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Mar 19, 2023 - 3:45:50 PM
5 posts since 12/26/2022

The more I play, the more I see the need for a speed neck. I find my hands tend to rub and stick to the finish on the neck and a speed neck would solve all these problems. Is it possible to convert a regular neck to a speed neck? If so is it a job for a luthier or is it a little sanding in the garage?

Thanks, Zeb Woody

Mar 19, 2023 - 4:41:21 PM
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201 posts since 8/31/2015

I regularly do this modification to guitars, banjos, and mandolins. I've found a cabinet scraper is the best tool for removing neck finish and/or re-profiling neck shapes. It's possible to get a smooth finish this way but I usually finish by sanding up to 400 grit then 0000 steel wool

It's not a complicated job, but it's easy to make it look unprofessional cosmetically, especially the transition areas from finish to bare wood.

After scraping, I generally follow the Ernie Ball/Music Man suggestion of using a small coat of tru-oil on the raw wood. Makes an excellent smooth fast playing surface that doesn't change when exposed to sweaty hands. Raw wood finished with steel wool feels good at first but after a little bit of play the grain rises and it begins to be very uncomfortable, needing another buff with the steel wool. Hope this info helps!


Mar 19, 2023 - 5:07:13 PM
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19 posts since 2/20/2021

Hey Zeb, I would recommend using 400 grit sandpaper with a foam or rubber sanding block. You only need to sand the gloss off the surface of the neck, as opposed to removing all the lacquer.

Mar 19, 2023 - 5:31:20 PM

59 posts since 11/28/2017

I had the finish on my banjo neck removed a few years ago, done by the luthier/repair person who has cared for our instruments for the past forty years. After removing the finish and sanding it smooth with fine sandpaper he applied some tung oil to the neck, rubbed it in, and then sanded again. The tung oil was completely absorbed into the wood, and the final sanding assured that the neck was a true speed neck. The tung oil application provided some protection from moisture with the newly bare wood. The neck has been completely stable since the definishing work.

When I first started playing the speed neck I was disappointed that there didn't seem to be much difference in how it played, but over the years I've slowly discovered that the speed neck does in fact make a big difference. Big moves up the neck are much smoother and faster than they had been, and the region above the 12th fret has become more accessible and more easily reached.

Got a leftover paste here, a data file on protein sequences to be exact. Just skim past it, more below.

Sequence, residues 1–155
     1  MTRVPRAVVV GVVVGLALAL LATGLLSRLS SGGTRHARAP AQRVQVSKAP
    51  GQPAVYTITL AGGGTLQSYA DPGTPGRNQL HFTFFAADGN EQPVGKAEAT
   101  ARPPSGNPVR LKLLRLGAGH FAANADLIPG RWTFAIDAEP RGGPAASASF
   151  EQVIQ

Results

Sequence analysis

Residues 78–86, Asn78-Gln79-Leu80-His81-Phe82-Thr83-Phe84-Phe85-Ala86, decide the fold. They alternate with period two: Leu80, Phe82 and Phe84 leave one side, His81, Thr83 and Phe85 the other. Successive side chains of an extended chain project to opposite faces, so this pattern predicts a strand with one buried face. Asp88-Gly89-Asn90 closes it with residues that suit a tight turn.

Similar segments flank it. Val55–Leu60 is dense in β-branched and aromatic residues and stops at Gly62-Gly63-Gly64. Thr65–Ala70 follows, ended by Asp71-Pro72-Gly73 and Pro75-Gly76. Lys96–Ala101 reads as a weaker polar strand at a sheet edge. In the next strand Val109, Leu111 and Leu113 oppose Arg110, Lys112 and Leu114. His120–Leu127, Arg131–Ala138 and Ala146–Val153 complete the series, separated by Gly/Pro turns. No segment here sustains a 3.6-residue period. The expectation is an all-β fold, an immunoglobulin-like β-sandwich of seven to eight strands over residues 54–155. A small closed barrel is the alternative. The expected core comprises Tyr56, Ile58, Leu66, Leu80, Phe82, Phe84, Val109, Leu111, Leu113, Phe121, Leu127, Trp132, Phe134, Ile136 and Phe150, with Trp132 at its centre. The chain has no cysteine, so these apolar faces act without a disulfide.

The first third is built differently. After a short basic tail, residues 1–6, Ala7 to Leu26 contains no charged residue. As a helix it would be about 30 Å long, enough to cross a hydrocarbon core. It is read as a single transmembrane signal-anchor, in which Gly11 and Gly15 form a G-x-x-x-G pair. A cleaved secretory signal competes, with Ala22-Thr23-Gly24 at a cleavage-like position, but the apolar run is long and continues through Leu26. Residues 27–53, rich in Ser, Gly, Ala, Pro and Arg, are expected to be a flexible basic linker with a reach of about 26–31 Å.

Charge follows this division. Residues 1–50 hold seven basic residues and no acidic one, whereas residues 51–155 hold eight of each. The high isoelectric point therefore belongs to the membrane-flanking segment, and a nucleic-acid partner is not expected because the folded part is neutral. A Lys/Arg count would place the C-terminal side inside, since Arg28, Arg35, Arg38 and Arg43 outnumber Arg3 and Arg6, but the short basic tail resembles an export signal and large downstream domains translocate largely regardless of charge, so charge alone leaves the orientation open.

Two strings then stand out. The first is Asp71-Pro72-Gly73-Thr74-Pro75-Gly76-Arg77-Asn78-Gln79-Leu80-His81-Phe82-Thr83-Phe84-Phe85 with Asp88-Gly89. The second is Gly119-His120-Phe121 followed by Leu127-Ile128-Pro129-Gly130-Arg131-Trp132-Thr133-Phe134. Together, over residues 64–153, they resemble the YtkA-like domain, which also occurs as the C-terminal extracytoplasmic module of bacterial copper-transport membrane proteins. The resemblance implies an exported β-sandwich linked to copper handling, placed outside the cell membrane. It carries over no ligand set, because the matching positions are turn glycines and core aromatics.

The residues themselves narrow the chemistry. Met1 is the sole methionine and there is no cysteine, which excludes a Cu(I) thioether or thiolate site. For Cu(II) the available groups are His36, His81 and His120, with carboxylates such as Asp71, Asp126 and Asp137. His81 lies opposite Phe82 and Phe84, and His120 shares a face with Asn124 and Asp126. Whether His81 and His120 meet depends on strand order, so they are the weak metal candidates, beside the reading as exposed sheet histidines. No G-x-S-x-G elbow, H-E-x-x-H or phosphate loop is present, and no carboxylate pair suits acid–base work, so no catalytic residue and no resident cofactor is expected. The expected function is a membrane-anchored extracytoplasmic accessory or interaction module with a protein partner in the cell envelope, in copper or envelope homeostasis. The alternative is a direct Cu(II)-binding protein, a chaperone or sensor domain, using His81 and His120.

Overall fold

And now the neck of my banjo looks like the necks of all my friends' fiddles!

Mar 19, 2023 - 6:06:32 PM

70 posts since 3/10/2009

just used a scotch brite green pad. worked great.

Mar 20, 2023 - 4:59:19 AM

15324 posts since 6/29/2005

I have done a bunch of them using an orbital sander to get the finish off, followed by scotchbrite pads.

My favorite finish for the playing part of necks is Osmo hard wax satin.

If you wanted to alter the profile of the neck—make it asymmetrical or more "V", this would be the time to do it.

Mar 20, 2023 - 7:39:17 PM

5 posts since 12/26/2022

Thanks everyone!
Good information to know.

Mar 20, 2023 - 7:56:57 PM



500 posts since 4/19/2011

I was having trouble with my hands sticking to the finish of the neck when performing outdoors in hot & humid weather. As my hands perspired, it would get very difficult to move up & down the neck quickly. I kept a dry cloth in my case and constantly was wiping my hands. I tried talcum powder but that was very temporary.

So, many years ago, I sent the neck of my Hatfield to John Boulding to convert to a speed neck. I wish I could have watched how he did it, because it was the best speed neck job I have ever seen on any banjo ! The color didn't change in the transition parts, just the gloss. It was fantastic job. I've seen a lot of speed necks, but you had to look twice to notice it on my Hatfield because there's no drastic change in the transition areas.